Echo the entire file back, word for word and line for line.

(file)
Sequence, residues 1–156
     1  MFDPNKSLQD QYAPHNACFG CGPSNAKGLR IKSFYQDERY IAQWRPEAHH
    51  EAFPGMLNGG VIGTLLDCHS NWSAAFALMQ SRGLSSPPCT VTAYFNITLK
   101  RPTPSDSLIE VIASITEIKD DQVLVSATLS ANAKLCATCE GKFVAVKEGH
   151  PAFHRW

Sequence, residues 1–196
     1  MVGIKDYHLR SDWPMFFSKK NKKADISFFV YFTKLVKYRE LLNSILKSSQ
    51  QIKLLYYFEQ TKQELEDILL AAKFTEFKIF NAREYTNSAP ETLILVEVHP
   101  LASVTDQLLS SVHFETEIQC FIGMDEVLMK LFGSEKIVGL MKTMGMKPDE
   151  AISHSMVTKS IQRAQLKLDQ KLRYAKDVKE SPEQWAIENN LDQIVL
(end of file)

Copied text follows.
Sequence, residues 1–156
     1  MFDPNKSLQD QYAPHNACFG CGPSNAKGLR IKSFYQDERY IAQWRPEAHH
    51  EAFPGMLNGG VIGTLLDCHS NWSAAFALMQ SRGLSSPPCT VTAYFNITLK
   101  RPTPSDSLIE VIASITEIKD DQVLVSATLS ANAKLCATCE GKFVAVKEGH
   151  PAFHRW

Sequence, residues 1–196
     1  MVGIKDYHLR SDWPMFFSKK NKKADISFFV YFTKLVKYRE LLNSILKSSQ
    51  QIKLLYYFEQ TKQELEDILL AAKFTEFKIF NAREYTNSAP ETLILVEVHP
   101  LASVTDQLLS SVHFETEIQC FIGMDEVLMK LFGSEKIVGL MKTMGMKPDE
   151  AISHSMVTKS IQRAQLKLDQ KLRYAKDVKE SPEQWAIENN LDQIVL